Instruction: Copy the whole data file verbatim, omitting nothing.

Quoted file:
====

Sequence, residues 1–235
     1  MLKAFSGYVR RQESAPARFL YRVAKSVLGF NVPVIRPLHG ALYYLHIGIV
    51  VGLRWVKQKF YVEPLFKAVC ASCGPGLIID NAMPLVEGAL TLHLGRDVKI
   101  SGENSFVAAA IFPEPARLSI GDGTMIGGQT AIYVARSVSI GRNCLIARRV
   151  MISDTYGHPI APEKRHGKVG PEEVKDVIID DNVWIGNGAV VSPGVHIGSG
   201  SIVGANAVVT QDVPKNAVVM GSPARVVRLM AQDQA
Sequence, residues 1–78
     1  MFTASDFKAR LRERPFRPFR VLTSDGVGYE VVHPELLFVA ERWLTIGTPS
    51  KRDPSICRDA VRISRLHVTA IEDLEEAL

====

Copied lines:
Sequence, residues 1–235
     1  MLKAFSGYVR RQESAPARFL YRVAKSVLGF NVPVIRPLHG ALYYLHIGIV
    51  VGLRWVKQKF YVEPLFKAVC ASCGPGLIID NAMPLVEGAL TLHLGRDVKI
   101  SGENSFVAAA IFPEPARLSI GDGTMIGGQT AIYVARSVSI GRNCLIARRV
   151  MISDTYGHPI APEKRHGKVG PEEVKDVIID DNVWIGNGAV VSPGVHIGSG
   201  SIVGANAVVT QDVPKNAVVM GSPARVVRLM AQDQA
Sequence, residues 1–78
     1  MFTASDFKAR LRERPFRPFR VLTSDGVGYE VVHPELLFVA ERWLTIGTPS
    51  KRDPSICRDA VRISRLHVTA IEDLEEAL